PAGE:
Saturday, April 25, 2015

Weight Loss: What No One Tells You About the "After"

I'm not sure what gave me the idea to do this post. Quite possibly, it might be the fact that I had FOUR slices of homemade sausage pizza for dinner last night and woke up this morning weighing less than yesterday morning. Who knows? Anyway. I want to talk about weight loss, and more specifically, the "after."

When I started losing weight, it was HARD. Every day was a struggle to make sure I got my workout in, and every meal was a battle between what I wanted to eat and what I needed to eat. It got to the point where I thought it would always be hard. I would have thoughts like, "Can I really avoid all of this unhealthy food for the rest of my life? Am I going to have to kill myself working out this hard every day forever just to stay fit? Am I going to give up, gain weight, and have to start all over again?" These thoughts were real, and all-consuming for four months. During that four months, I passed on every single dessert, every opportunity to go out to eat, and I worked out 5-6 days a week every week.

But then something weird happened. I was going through my closet, trying to decide what clothes I was going to donate, and in the process I had to try on all of my jeans. Even those from when I was a freshman in high school. To my surprise, EVERY SINGLE PAIR FIT. I no longer owned a pair of pants that was too small. Whaaaat? I knew I had lost quite a bit of weight, but I had been afraid to try on those jeans because I was certain that they were too small. It wasn't making sense in my head.

See, when you lose all of the weight you intended, and you see that goal number on the scale, you don't see that reflected in the mirror. There is something that just doesn't compute. I would look in the mirror and see all of my "loose skin" from having kids, the fat around my hips and armpits, my stretchmarks - and I would think, "I know I weigh what I wanted to weigh, but I look bigger." It's like my brain didn't catch up with my body. I was still seeing what I was used to seeing, and not what I actually looked like. It's a strange "after" complex, as I like to call it. I was so stuck in weight loss mode that my brain was still trying to find ways to lose weight.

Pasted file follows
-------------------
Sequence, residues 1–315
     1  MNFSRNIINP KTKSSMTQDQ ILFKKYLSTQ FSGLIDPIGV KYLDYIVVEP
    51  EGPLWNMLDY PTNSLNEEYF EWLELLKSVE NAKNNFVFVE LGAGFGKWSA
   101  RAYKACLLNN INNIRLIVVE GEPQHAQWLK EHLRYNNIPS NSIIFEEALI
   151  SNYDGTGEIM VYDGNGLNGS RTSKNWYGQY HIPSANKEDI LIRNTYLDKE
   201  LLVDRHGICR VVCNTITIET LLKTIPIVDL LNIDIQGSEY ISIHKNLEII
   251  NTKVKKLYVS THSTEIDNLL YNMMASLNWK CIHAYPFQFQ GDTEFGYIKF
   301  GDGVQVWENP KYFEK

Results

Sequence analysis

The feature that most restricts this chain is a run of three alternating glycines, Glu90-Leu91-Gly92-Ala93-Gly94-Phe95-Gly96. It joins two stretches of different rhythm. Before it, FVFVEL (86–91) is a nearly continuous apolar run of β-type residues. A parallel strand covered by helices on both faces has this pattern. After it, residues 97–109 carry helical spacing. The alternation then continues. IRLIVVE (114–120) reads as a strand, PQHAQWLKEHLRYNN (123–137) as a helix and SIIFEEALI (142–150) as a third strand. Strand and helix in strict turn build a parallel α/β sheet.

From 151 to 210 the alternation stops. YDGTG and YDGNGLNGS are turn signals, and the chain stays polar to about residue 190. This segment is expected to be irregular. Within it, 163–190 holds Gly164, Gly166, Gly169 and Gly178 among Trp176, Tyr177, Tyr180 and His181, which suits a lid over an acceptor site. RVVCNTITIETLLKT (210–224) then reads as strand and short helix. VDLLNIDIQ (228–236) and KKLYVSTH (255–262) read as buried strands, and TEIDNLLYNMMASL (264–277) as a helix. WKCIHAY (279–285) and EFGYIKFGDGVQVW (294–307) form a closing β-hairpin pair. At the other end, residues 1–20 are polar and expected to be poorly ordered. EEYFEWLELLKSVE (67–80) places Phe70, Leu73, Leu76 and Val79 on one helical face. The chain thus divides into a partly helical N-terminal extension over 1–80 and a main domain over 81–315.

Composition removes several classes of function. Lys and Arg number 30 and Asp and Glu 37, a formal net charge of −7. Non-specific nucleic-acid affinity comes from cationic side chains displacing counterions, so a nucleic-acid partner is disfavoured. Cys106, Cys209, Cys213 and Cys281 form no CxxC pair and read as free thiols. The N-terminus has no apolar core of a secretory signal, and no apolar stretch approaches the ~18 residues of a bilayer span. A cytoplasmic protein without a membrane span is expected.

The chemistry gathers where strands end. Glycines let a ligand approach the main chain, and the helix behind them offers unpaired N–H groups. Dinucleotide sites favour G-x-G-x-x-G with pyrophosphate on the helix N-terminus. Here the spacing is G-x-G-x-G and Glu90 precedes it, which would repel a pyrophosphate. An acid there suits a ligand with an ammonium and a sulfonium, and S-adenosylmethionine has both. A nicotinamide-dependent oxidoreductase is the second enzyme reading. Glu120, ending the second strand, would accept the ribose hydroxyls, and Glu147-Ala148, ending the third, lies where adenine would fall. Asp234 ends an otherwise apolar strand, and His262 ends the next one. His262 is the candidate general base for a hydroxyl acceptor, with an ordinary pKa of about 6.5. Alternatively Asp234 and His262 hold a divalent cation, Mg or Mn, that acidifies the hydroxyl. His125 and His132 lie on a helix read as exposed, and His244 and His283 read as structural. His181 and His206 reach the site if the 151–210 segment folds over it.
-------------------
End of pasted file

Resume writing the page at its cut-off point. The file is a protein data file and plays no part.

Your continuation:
So now what? I reached my goal weight. Everyone is looking to me for weight loss advice, and all I want to do is celebrate by eating REAL PIZZA, and not pizza made with a cauliflower crust for once! (Though that is a yummy alternative ;)) I see these quotes that say things like, "You aren't a dog, so don't reward yourself with treats." Seriously? Then the guilt sets in. Everyone is looking to me for these healthy recipes, and wondering how I'm staying fit, and I just ate PIZZA made with white flour, covered in sausage and cheese. What people don't like to tell you is that YOU WILL GET TO A POINT WHERE YOU CAN INDULGE AGAIN. It's easy to get caught up in the "don't eat this, don't eat that," but once you get to a weight that is comfortable for you, and you have a good amount of muscle built up, it is fairly easy to maintain that.

It's easy? Did I just say that? YES. I would seriously have to blow my diet completely every day, and not workout at all in order to start gaining weight back. I eat well most of the time, but I can treat myself often too. I can maintain my physique by only working out for 15 minutes, 4-5 days a week. This is a huge difference from my "weight loss" phase where I was pushing myself so hard every day, for what felt like little results. It felt like forever. 

I guess what I am trying to say is, those of you who are trying to lose weight, it is hard, but it is not hard forever. It feels like such a huge sacrifice. It feels never-ending. I am here to tell you - IT GETS BETTER. It gets easier. You will eventually reach that "after" stage. You will be able to enjoy yummy foods again. You don't have to spend over an hour working out every single day for the rest of your life. By all means, you can, if that's what you want to do, but you don't have to.

Those of us who have gotten fit and lost weight want it to look like we have this unattainable, super-strict lifestyle, but it's just not true. I eat well most days because of how it makes me feel, but I have days where I don't eat well at all. There are days where I skip my workout because I just don't feel like it. Do those decisions make me lose the progress that I've made? No! Don't let the fear of change keep you from reaching your goals. Understand that we are all human. We all struggle with the same things. I am here for you because I have been where you are, and I have felt how you feel.

Now, I'm not saying lose all of your weight and then hit up the McDonald's drive-thru every day. Yuck. I believe in a healthy, balanced lifestyle. Eat foods that will fuel your body to function well, but don't beat yourself up if you want a big ol' plate of pizza or stack of cookies now and then.

I'm not sure if this post even makes sense, but I just wanted to share my thoughts on the "after" part of weight loss. I am still trying to improve my fitness level, but I am technically living in the "after" side of my weight loss journey. It has been strange, and not at all what I expected, so I wanted to share the experience with all of you :).

For those who are unfamiliar with  my weight loss journey. The first picture is me at 149 lbs, and the second is me at 121 lbs.

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